Preserved toddler found in coffin identified one year after discovery
Last year, the body of an unknown little girl was discovered in a lead and bronze casket beneath a San Francisco home. Her body was perfectly preserved, with her hands clutching a single rose.
Now, the toddler has been identified.
The child is Edith Howard Cook, who passed away on October 13, 1876. The nonprofit Garden of Innocence project worked with researchers to identify Cook, who died around a month before her third birthday.
Her body was discovered when the home she was buried under was going through remodeling. The site was part of Odds Fellow Cemetery in the 1800s -- and city officials thought all the bodies were moved upon relocation in 1902.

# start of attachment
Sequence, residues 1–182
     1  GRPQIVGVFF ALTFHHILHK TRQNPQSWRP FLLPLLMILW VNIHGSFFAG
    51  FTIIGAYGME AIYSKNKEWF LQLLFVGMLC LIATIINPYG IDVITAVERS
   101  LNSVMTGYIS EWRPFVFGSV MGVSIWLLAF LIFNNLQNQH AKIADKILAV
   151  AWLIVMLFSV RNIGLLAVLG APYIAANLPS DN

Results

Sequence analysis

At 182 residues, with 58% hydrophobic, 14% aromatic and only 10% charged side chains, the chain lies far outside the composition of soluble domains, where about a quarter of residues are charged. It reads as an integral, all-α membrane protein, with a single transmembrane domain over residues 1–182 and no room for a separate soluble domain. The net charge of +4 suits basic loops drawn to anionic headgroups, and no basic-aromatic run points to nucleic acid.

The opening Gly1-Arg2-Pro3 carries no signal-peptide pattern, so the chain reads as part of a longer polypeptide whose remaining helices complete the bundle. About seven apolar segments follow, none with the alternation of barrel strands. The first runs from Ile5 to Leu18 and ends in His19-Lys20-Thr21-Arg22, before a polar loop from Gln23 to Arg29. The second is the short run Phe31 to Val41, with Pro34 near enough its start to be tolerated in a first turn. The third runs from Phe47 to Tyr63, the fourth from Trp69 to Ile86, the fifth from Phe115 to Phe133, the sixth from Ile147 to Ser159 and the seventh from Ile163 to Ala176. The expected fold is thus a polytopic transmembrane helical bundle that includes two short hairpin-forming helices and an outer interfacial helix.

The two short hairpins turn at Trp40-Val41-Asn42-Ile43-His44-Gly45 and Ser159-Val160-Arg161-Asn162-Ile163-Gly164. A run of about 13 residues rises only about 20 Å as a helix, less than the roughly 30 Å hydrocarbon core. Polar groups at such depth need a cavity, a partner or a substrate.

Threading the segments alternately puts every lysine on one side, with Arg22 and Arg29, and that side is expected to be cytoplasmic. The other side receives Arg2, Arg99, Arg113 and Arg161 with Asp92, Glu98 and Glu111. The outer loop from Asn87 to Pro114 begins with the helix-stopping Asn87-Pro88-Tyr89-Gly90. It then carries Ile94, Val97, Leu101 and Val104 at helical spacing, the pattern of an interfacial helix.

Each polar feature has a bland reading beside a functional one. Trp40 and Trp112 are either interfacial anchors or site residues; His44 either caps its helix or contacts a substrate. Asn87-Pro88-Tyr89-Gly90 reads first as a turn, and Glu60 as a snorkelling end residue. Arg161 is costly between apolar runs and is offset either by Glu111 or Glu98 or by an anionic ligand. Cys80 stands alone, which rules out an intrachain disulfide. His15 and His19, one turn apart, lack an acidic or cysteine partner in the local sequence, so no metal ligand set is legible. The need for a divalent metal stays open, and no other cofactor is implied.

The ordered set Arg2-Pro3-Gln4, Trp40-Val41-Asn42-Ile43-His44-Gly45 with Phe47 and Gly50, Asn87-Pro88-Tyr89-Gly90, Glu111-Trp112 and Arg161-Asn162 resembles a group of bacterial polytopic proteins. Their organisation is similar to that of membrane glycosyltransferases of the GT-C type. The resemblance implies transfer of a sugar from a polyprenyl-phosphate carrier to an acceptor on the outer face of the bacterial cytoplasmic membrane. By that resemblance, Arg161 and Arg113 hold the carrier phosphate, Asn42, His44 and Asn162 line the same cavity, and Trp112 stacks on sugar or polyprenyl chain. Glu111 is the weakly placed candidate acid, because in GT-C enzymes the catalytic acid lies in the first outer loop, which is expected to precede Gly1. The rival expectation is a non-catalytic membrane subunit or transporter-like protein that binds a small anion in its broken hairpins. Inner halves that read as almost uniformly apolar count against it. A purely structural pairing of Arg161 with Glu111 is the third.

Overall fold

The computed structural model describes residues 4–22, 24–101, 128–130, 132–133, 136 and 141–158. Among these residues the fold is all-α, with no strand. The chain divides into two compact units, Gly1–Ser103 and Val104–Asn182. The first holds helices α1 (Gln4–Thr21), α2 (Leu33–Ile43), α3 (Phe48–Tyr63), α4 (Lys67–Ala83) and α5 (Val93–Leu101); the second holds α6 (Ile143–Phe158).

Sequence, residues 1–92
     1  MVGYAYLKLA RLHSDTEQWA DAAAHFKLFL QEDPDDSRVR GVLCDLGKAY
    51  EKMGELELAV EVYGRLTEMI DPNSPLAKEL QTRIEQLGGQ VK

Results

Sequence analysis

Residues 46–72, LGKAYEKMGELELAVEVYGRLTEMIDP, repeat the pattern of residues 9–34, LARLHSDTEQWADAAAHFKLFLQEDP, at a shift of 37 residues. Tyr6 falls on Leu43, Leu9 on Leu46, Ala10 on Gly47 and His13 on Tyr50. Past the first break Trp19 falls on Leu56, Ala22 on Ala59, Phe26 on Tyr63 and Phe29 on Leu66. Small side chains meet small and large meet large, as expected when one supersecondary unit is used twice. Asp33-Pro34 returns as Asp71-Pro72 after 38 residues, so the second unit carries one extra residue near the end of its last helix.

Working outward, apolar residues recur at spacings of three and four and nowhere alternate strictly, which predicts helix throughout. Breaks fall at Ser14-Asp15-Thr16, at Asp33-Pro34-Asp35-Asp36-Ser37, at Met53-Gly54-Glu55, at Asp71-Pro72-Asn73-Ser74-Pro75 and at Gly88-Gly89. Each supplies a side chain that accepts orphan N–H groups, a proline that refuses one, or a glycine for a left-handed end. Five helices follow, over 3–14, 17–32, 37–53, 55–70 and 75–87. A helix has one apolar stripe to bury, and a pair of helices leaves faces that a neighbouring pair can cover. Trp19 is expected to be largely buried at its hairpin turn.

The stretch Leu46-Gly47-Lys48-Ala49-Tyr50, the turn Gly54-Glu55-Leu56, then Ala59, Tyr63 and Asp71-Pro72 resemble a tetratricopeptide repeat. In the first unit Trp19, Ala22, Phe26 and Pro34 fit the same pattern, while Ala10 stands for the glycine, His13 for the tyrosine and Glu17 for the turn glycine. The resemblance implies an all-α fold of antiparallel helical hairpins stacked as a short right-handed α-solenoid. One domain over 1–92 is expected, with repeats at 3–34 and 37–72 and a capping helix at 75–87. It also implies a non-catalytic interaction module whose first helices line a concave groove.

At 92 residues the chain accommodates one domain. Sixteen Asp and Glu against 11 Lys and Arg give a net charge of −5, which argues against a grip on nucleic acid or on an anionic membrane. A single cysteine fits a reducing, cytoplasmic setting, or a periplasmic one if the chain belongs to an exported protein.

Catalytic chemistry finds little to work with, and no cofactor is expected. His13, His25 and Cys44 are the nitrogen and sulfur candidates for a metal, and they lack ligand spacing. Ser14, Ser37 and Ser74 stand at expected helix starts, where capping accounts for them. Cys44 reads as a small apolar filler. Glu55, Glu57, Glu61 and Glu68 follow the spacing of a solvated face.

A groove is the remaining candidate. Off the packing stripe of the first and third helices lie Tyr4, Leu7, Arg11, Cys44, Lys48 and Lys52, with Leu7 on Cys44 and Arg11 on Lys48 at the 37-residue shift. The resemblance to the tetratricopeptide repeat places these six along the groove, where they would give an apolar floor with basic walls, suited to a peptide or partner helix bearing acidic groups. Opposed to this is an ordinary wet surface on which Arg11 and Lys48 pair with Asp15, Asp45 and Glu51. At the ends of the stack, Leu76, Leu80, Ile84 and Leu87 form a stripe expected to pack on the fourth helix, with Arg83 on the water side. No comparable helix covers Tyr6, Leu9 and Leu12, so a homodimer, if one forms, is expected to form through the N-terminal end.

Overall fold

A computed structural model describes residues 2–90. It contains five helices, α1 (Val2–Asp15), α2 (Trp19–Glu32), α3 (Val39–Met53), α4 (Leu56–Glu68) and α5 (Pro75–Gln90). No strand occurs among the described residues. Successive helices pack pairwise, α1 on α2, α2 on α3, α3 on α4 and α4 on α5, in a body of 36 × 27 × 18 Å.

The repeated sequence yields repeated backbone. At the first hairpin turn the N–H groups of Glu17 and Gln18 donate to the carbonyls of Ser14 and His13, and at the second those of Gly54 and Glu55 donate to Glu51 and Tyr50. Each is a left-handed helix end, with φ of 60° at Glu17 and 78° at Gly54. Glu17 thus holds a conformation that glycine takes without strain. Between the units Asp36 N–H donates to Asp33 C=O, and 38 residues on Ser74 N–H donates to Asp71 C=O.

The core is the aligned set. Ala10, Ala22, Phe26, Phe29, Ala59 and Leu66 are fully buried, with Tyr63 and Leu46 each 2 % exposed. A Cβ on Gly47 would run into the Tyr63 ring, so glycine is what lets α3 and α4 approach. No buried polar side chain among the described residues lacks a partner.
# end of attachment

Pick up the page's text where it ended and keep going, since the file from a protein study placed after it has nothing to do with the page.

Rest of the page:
See photos of the coffin
Cook's family plot was moved, but her small casket was left behind for an unknown reason. Researchers went through the cemetery records to find out who the mystery toddler could be, and confirmed with DNA.
Garden of Innocence aims to provide burials and services for children who have no family to do it for them. Before she was identified, the project nicknamed Cook "Miranda Eve" and held a reburial service for her, which was attended by over 140 people.
Given her expensive coffin, it's likely that Cook's family was well off. The cause of death is likely severe undernourishment due to an infection.
Another service for Cook will be held on June 10.